8/14/2013 12:01:00 AM Harbor Springs...Now and Then
Cynthia Morse Zumbaugh
We drove quite a bit last weekend and it made me think of the ways we used to entertain ourselves on family trips or on school outings. Remember when cars were not equipped with DVD's and we didn't have hand held video games, tablets or phones? We had to manage to keep occupied without plugging anything in and with no ear buds to keep out the sound of our siblings. "He's touching me", "do you want me to stop this car?" and the classic, "Are we there yet?" are certainly phrases that all of us recognize.
We played some great games, some of which actually stimulated the mind rather than numbing it. Everyone has played the alphabet game at some point, I would guess, where you pick the letters in order from signs along the highway and you had to see the letter first; two people couldn't call the same letter. How many of us hoped for liquor stores, zoos and those authorized vehicle only turn-arounds, just to get the tough letters.
I remember when the call to cut down or remove billboard from the highways came around; my first thought was how would you successfully play the alphabet game?
Another game that we played was Bingo, not sure why it was called that, with Volkswagen Beetles. The object was to see who could spot the greatest number of that particular car (remember they were much more plentiful a few decades ago) and again, only the first person to see it got to count it. When you saw one, you shouted out "Bingo." Red ones doubled the amount that you had and if you were lucky enough to spot a white one, you got to "take" everyone else's'.
There were always memory games, like the one where each person has to add an item. For example, the first person says, "I'm going to the beach and I'm taking a beach ball." The next person has to repeat that and add something, such as "I'm going to the beach and I am taking a beach ball and a towel." This continues until someone messes up.
Even as an adult, I still enjoy the game where you choose a category, say animals, and each person must name an animal whose name begins with the final letter of the last answer. If you say horse, for example, I could say elephant, you could reply with turkey and so on, again until someone cannot think of an answer. Since this can be done with geography, movies or just about anything you can think of, it never really gets old.
There were always the old stand-bys, like twenty questions or operator (the whispering game where the object is to see how much the story changes as it goes, something played too often in real life.) Later on, Mom got us travel scrabble or travel bingo, where you actually found items along the road and played a regular bingo game, but somehow that wasn't the same. We thumb-wrestled, until we got too rowdy, played cat's cradle if we remembered string, we made chains out of gum wrappers and created paper cootie-catchers to tell our fortunes.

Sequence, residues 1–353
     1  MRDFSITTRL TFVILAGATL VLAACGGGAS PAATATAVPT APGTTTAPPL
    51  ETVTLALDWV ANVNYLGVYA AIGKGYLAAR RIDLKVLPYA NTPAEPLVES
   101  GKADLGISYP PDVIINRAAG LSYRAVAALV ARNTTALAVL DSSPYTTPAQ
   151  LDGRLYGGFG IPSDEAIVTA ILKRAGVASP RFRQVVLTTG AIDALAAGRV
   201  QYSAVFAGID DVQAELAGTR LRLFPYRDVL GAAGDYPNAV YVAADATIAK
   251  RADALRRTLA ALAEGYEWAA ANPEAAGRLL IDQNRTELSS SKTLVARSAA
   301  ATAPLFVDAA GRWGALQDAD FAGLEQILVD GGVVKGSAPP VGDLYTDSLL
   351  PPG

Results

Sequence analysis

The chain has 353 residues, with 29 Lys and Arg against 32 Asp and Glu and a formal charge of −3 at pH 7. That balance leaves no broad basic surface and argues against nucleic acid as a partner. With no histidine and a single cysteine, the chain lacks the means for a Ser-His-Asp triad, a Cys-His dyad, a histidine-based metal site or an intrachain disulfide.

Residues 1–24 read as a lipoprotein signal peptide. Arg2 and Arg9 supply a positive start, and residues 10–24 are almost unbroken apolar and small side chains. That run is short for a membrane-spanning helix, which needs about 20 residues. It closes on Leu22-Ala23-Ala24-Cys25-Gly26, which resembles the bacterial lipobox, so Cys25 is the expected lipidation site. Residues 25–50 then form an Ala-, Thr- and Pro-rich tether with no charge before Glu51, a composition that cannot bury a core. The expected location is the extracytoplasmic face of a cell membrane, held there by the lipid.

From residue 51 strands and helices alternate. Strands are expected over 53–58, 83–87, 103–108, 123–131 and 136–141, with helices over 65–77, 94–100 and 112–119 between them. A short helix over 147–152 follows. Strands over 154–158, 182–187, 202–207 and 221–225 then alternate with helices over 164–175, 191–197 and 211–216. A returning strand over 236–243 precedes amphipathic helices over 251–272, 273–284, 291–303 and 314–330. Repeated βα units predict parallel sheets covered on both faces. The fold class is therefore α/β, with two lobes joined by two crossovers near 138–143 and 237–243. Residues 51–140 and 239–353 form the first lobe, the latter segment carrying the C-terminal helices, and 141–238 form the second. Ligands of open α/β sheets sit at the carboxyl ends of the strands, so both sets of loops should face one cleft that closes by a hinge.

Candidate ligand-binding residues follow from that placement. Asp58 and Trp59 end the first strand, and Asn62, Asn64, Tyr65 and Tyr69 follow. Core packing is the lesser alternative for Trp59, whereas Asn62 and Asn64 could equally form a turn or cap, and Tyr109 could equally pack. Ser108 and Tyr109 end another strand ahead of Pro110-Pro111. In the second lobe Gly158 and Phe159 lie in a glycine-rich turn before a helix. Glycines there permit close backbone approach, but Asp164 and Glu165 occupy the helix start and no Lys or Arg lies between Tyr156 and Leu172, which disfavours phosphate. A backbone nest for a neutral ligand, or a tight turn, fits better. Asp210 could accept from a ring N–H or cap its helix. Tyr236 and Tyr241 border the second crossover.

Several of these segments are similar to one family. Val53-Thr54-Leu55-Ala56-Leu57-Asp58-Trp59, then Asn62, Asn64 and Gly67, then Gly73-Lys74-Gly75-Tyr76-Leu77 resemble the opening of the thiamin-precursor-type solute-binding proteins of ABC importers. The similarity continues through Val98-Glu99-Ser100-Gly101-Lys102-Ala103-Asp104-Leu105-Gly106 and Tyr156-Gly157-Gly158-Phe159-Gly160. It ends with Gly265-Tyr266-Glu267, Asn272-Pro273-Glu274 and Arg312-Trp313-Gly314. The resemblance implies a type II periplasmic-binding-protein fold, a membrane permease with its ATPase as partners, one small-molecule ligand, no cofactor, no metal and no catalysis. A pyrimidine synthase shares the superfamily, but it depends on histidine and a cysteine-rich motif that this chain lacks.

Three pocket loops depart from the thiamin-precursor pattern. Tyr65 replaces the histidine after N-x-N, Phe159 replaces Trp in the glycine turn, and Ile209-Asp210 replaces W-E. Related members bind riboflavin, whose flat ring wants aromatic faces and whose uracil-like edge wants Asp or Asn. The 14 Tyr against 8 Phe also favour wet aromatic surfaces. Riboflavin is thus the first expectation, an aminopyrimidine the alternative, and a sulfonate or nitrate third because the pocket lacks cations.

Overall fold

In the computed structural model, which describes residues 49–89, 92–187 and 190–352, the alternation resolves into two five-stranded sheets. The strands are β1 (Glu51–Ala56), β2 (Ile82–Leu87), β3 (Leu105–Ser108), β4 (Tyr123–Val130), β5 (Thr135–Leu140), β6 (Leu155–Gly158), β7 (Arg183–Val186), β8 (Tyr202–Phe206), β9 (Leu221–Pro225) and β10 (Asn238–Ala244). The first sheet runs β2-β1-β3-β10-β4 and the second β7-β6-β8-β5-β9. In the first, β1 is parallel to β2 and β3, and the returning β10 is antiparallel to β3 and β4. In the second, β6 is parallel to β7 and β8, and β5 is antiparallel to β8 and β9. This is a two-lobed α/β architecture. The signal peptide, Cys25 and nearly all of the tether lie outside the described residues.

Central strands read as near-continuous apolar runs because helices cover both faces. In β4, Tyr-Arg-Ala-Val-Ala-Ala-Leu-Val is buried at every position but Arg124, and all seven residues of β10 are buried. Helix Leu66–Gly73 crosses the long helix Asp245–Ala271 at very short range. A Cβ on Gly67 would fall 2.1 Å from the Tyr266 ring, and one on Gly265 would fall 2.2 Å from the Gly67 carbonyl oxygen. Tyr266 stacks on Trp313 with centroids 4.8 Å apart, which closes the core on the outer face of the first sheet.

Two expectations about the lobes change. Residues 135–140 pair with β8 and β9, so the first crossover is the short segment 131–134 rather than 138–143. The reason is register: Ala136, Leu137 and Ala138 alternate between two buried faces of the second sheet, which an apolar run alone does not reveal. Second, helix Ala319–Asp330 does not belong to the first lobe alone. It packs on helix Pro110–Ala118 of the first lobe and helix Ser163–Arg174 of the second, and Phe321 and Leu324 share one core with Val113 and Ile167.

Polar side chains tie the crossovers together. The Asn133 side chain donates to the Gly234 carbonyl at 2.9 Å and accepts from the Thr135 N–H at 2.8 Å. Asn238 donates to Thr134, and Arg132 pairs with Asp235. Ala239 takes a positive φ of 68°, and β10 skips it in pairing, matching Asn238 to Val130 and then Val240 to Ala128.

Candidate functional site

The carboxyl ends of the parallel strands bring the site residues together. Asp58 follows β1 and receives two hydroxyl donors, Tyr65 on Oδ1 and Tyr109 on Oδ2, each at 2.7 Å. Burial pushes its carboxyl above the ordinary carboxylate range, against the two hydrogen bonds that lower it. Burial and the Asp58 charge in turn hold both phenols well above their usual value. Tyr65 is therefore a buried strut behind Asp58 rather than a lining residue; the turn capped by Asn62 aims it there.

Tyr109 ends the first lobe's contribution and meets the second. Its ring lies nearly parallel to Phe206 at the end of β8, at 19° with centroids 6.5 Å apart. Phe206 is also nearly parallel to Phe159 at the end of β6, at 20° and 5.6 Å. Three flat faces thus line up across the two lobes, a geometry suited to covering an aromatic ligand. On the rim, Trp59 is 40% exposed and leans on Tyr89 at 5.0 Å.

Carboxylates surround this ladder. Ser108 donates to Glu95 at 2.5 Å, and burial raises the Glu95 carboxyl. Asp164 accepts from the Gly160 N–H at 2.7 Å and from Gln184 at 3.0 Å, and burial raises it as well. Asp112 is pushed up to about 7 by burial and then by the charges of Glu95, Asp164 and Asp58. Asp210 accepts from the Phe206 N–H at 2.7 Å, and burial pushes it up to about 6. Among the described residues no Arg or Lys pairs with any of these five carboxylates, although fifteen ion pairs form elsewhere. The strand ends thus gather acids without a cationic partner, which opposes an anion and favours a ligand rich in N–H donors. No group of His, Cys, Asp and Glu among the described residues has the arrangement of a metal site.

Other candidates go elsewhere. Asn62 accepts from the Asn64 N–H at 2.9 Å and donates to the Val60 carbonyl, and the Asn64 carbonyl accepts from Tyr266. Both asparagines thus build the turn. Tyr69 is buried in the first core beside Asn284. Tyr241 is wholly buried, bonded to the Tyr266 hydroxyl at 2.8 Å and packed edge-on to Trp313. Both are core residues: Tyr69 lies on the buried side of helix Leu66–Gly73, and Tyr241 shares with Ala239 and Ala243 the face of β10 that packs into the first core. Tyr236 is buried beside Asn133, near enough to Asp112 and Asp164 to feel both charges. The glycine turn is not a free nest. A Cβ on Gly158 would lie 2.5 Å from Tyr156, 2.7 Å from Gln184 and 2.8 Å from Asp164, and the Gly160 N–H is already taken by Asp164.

The other easy way to amuse yourself while annoying those around you was to sing. "99 Bottles of Beer on the Wall," "There's a Hole in the Bottom of the Sea," "There's a Hole in My Bucket" - the kind of song with enough verses or repetition to make them go on seemingly forever. I'm sure my parents cursed Joe Jezisek sometimes for teaching us these gems; I'll appreciate him forever because it got me through years of running children's programs at Boyne Highlands and because I rarely find a child that I can't entertain.
Proud Grandma Madge Kosequat would like to share the information that her grandson, John Kosequat, is now out of the military after several tours in the Middle East and he is now heading to New York City where he plans to study at Columbia. John plans to go to medical school and we thank him for his service and wish him the best on his future endeavors.
Happy Anniversary wishes on August 17 to Tami and Jesse Hadix and to Howard and Marilyn White. And you didn't hear this from me, but Jesse is also celebrating a birthday with a 4 and a 0 in it on that same day. Bet he never forgets his anniversary, clever boy.
We have lots of other birthdays this week, too, for some of my favorite people.
Thursday, August 15, Happy Birthday to Pam Allerding, Duane Beswick and Mike Coors. Friday we send birthday wishes to Jerri LaCount, Kim Mathews Vantilburg, Tina Orman and Peggy Seamon and on Saturday to Rudy Milner, Gary Morse and to everyone's favorite historian, Ed Meyer. Monday we celebrate the births of Tara Lasley Kruzel, John Adams, Mike Geary and Kim Hurd and on Tuesday, August 20, we send special birthday wishes to Maddy Heinz. Finally, on Wednesday, be sure to give a birthday hug to your UPS man if he happens to be Jim Kinner. Best wishes to a wonderful group of people.